It can be dispiriting to see the continued growth in mental health problems, addiction, homelessness, poverty, lack of community safety and care shortage for people experiencing vulnerability. Despite the dedication of many professionals, programs designed to address these problems can sometimes seem to become more expensive and less effective.
One promising new idea is asset-based community development (ABCD), a community-building approach that seeks to create networks to support people to improve their lives. Keen to learn more about ABCD, we headed to Edmonton, Canada, a city that has put it into practice and was hosting a global conference on the topic. Hearing from thought leaders working on ABCD around the world, what we found was energising and exciting.
Western culture has elevated the values of individualism and independence – from other people, from families and from governments and the services they provide. People who struggle to remain independent are seen as deficient and requiring of service. We even describe people in terms of their deficits – homeless, unemployed, disabled.
Services are designed by professionals to attract funding and clients. There is a pervasive sense that only professionals can address the deficits experienced by people. Clients develop a dependency on services, believing neither they nor the non-professionals around them can create the conditions for them to live a good life.
This system and the cultural values that underpin it have led to an epidemic of loneliness and isolation impacting people regardless of age, culture, economic status or location. Neuroscience is demonstrating the impact of loneliness and social isolation on mental health and overall mortality. We know mental illness often precedes addiction, homelessness and poverty.
Statistical analysis of vulnerability to natural disasters also demonstrates the impact of loneliness and social isolation on the very young and the elderly. Rising rates of suicide in the international student community also point to the challenge of disconnection with family and community.
Amid this bleak outlook, it is vital to look for new approaches that might yield results. One promising approach is asset-based community development, which aims to build more inclusive communities, revitalise neighbourhoods and connect people.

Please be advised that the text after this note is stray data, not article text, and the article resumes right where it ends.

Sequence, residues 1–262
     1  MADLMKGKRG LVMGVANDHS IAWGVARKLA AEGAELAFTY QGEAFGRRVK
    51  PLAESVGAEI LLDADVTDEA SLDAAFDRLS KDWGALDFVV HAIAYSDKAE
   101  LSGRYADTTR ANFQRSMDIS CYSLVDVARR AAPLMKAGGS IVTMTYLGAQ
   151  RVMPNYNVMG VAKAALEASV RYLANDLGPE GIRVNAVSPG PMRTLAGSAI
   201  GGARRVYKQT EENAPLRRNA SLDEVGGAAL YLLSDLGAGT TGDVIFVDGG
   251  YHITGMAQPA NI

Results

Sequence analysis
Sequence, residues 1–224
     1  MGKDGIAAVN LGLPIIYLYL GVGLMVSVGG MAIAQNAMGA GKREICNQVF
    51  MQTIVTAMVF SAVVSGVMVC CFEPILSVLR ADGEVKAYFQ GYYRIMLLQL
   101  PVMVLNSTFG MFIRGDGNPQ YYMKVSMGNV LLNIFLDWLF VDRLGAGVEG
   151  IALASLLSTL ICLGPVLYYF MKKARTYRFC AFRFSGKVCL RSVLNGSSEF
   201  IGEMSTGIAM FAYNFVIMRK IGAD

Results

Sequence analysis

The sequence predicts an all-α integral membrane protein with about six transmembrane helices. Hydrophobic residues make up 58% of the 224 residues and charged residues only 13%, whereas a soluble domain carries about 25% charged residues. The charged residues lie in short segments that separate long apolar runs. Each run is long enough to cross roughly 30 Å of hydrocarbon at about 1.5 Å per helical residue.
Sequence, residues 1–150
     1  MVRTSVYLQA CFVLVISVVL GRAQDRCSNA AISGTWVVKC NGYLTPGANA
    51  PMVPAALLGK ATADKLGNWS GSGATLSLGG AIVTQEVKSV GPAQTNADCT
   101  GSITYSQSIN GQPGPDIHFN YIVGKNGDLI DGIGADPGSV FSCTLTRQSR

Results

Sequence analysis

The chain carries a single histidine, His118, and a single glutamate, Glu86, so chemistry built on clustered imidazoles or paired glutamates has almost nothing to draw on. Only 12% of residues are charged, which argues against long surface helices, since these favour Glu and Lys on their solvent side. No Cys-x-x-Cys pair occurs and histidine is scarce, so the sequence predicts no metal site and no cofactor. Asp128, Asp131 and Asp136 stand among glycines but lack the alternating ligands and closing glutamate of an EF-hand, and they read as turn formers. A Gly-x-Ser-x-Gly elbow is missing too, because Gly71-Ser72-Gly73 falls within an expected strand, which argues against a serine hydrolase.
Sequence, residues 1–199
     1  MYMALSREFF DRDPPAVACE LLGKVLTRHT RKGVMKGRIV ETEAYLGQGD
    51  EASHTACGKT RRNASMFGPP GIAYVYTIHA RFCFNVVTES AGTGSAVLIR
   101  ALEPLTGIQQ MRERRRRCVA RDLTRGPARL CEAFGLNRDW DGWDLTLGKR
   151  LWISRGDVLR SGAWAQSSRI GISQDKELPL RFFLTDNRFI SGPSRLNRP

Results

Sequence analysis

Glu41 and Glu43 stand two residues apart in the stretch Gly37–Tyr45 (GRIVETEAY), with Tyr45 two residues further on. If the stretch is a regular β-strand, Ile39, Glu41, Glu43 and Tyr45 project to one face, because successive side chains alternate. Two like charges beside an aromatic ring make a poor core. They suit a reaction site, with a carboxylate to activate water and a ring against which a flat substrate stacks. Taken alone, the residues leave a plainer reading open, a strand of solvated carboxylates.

ABCD starts by identifying the strengths in a community (such as skills, capability, passions and knowledge) and then unlocks the power of individuals and associations to improve the lives of the people around them. There is growing evidence that activation and empowerment of communities through ABCD has protective and preventative impacts for the people who live in those places. (Despite its strengths, it is not a treatment modality for existing complex social issues, such as ill health, mental health problems or substance abuse.)
Leading ABCD practitioners John McKnight and Cormac Russell offer authoritative evidence suggesting empowered communities are best placed to fulfil seven critical functions:
Many local communities in Edmonton are experiencing the benefits of ABCD.
For example, We’re Ready! is a program in which towns reduce the impact of natural disasters by engaging in community planning alongside emergency services and other professional institutions whose reach and capability is sadly limited when disaster strikes.
Meanwhile shared projects such as community arts space The Carrot and the community gardens of Sustainable Food Edmonton are enabling diverse groups of people to connect with one another by sharing their common passions.
Sustainable Food Edmonton operates community gardens.
Elsewhere, in the community of Crestwood, planning authorities had approved the construction of a new housing development against strong opposition from the local community. It was a remarkable testament to the resilience of the community that they set aside their disappointment about the planning decision to welcome the residents of the new development and make them part of the community.